elsewhere. In any event, regardless of the source, validity, and currency of the
purported manuals, Defendants have satisfied their burden under Exemption 7(E).
I must perform a segregability analysis to determine whether any nonexempt portions of the records at issue can be segregated from exempt portions,
allowing for additional disclosure. See 5 U.S.C. § 552(b) (“Any reasonably
segregable portion of a record shall be provided to any person requesting such
record after deletion of the portions which are exempt under this subsection.”);
Mo. Coal., 542 F.3d at 1212 (requiring district court to make “an express finding”
regarding segregability). Non-exempt portions of documents must be disclosed
unless they are “inextricably intertwined” with exempt portions, and an entire
document may not be withheld because it includes some material which is subject
to an exemption. Id. Here, the record indicates that Defendants disclosed a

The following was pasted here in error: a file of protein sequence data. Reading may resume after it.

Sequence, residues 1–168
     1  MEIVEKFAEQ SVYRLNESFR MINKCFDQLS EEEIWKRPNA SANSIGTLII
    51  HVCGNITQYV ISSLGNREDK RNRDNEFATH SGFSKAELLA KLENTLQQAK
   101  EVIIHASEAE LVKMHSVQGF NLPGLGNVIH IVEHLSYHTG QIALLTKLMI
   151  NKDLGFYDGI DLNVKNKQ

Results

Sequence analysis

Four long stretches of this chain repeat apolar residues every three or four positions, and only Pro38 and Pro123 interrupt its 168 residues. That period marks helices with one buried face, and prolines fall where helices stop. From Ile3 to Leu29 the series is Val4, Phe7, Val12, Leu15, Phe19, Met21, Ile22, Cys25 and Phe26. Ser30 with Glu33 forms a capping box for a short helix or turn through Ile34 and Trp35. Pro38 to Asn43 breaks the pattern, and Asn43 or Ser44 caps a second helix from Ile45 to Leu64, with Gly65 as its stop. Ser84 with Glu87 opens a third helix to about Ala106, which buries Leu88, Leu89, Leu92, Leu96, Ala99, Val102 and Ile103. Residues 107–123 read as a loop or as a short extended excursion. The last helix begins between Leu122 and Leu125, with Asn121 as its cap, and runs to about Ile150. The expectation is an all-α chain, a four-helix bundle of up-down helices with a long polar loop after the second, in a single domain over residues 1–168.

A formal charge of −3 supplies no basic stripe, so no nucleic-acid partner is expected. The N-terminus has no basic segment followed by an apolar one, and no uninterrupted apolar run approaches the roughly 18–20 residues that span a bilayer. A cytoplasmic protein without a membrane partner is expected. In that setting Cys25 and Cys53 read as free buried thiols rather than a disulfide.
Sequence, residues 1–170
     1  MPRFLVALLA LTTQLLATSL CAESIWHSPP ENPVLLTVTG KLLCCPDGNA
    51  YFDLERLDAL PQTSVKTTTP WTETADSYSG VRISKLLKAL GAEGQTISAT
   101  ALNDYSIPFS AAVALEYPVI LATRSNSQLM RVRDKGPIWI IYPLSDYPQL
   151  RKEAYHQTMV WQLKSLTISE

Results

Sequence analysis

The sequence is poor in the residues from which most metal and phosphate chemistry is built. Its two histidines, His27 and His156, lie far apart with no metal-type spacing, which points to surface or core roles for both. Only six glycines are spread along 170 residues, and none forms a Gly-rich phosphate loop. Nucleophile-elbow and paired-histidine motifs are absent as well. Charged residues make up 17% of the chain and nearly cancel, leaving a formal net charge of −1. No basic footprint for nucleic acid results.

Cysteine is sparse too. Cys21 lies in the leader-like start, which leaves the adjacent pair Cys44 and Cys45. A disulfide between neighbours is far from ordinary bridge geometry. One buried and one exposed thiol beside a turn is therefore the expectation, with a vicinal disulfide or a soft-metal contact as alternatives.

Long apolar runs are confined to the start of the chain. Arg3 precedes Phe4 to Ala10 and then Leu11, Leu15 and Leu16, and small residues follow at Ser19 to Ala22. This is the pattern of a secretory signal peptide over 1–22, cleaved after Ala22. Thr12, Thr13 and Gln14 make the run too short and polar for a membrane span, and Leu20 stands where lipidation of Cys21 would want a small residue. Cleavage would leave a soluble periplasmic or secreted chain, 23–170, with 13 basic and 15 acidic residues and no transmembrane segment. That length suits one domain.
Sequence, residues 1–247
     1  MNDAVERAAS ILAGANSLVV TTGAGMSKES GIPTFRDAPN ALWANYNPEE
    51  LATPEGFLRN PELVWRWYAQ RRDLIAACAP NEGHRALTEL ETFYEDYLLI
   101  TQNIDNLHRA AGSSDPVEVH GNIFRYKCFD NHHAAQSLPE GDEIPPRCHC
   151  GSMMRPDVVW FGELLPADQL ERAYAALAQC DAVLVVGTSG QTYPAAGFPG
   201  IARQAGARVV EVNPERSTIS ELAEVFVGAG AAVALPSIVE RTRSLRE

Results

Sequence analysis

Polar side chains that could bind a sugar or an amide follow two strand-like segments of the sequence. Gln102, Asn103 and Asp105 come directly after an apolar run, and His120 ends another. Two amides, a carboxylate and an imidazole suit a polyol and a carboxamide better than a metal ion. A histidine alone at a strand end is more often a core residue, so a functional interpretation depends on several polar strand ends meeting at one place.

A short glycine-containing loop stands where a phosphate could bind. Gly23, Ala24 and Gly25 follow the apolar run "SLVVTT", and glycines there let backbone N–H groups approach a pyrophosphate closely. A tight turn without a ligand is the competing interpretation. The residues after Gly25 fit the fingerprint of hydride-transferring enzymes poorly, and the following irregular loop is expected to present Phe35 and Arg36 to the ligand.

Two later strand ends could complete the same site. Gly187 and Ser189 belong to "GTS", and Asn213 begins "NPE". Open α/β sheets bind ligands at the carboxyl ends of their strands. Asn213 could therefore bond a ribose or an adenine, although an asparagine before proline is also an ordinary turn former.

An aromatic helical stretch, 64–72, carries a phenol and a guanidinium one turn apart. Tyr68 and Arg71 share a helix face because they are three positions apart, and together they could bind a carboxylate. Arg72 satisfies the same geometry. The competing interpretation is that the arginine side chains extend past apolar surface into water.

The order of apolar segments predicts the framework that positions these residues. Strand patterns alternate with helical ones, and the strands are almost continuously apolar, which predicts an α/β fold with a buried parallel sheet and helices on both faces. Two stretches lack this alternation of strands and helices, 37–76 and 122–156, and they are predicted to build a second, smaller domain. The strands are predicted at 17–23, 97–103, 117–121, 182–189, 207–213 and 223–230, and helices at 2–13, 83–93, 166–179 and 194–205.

number of documents in whole or in part. Defendants provided specified
designations for the redacted portions of the partially disclosed polygraph records.
With respect to the Technical Data, which was withheld entirely, Hunter submitted
a Supplemental Declaration asserting that the polygraph charts are not segregable
because the questions, answers, and comments that are noted the software was
designed to preclude data alteration and any attempt to alter the data would corrupt
the chart. See Doc. No. [26-1]. Based upon this record, Defendants appear to have
disclosed all reasonably segregable information and no further segregation is
For the foregoing reasons, and based upon review of the record before the
Court, I conclude that Dubuque has not demonstrated a genuine issue of material
fact that would preclude the application of Exemption 7(E). Defendants have
established the predicates for the application of Exemption 7(E) to the disputed
materials. As a result, Defendants have discharged their duties under FOIA and
are entitled to summary judgment. I will grant Defendants’ Motion for Summary
IT IS HEREBY ORDERED that Plaintiff’s Motion to Strike  is
IT IS FURTHER ORDERED that Defendants’ Motion for Summary
Judgment  is GRANTED.
RODNEY W. SIPPEL
UNITED STATES DISTRICT JUDGE
Dated this 6th day of November, 2017.